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The increasing burden of atrial fibrillation (AF) and significant morbidity/mortality associated with this arrhythmia encourage screening it in clinical practice, as recommended in current guidelines. It means opportunistic screening (in patients over 65 years) or systematic screening (in people above 75 years) by using clinical examination, followed by an ECG, 24-hour ECG monitoring or continuous rhythm monitoring by a screening tool (including mobile or wearable device). In screen-positive cases, a definitive diagnosis of AF should always be obtained before providing an appropriate management.1 Symptomatic or asymptomatic AF is described as either clinical or atrial high-rate episode/subclinical AF; the last one may represent a marker rather than a risk factor for stroke, with these complications probably at lower rates than those of clinical AF. From this point of view, in the current guidelines, bradyarrhythmias in patients with AF were less discussed, being less studied in clinical trials.1
Until now, clinical studies have mainly focused on episodes with AF, symptomatic or asymptomatic, clinical or subclinical. Apart from the episodes of bradyarrhythmias in sinus node disease, those associated with the evolution of AF have been neglected from either incidence, diagnostic, clinical significance, therapeutic or prognostic point of view.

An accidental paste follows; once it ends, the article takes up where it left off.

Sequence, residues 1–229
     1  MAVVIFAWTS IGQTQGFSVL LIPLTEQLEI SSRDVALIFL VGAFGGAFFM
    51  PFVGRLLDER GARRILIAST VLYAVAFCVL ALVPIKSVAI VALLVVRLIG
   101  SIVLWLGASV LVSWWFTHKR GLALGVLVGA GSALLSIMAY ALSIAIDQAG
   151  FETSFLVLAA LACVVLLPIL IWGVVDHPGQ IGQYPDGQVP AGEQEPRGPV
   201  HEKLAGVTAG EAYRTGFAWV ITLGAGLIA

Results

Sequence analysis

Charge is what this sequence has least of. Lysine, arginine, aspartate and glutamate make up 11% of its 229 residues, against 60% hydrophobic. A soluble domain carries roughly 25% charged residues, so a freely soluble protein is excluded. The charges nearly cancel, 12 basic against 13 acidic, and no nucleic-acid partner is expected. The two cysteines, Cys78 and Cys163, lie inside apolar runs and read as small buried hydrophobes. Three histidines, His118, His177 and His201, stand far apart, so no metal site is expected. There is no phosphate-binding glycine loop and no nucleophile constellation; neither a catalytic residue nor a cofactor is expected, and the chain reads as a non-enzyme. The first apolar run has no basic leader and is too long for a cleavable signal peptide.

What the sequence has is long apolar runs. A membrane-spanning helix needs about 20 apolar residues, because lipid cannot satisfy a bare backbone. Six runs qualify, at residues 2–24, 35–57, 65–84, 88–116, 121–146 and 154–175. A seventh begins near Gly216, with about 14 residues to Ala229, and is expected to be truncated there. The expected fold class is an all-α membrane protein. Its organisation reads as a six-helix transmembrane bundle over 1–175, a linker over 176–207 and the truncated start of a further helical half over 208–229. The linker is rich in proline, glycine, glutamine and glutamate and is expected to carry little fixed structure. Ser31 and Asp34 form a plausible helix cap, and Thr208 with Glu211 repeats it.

Recently, the RACE V trial investigators assessed the prevalence and characteristics of severe bradyarrhythmia and tachyarrhythmia episodes in patients with self-terminating paroxysmal AF.2 They found a higher than anticipated prevalence of bradyarrhythmias in patients with self-terminating paroxysmal AF. Sixty-nine out of 217 patients (nearly one-fifth) experienced ‘at least one episode of pauses ≥5 seconds or bradycardias ≤30 beats per minute’. Twenty-two patients with bradyarrhythmia episodes were part of the patients with concomitant tachyarrhythmias; 74% of bradyarrhythmia episodes were pauses ≥5 s; 47% of bradyarrhythmias occurred during the night, with exclusively nocturnal episodes observed in only 19% of patients with bradyarrhythmia. The …
Funding The authors have not declared a specific grant for this research from any funding agency in the public, commercial or not-for-profit sectors.
Competing interests None declared.
Provenance and peer review Commissioned; internally peer reviewed.
© Author(s) (or their employer(s)) 2023. No commercial re-use. See rights and permissions. Published by BMJ.
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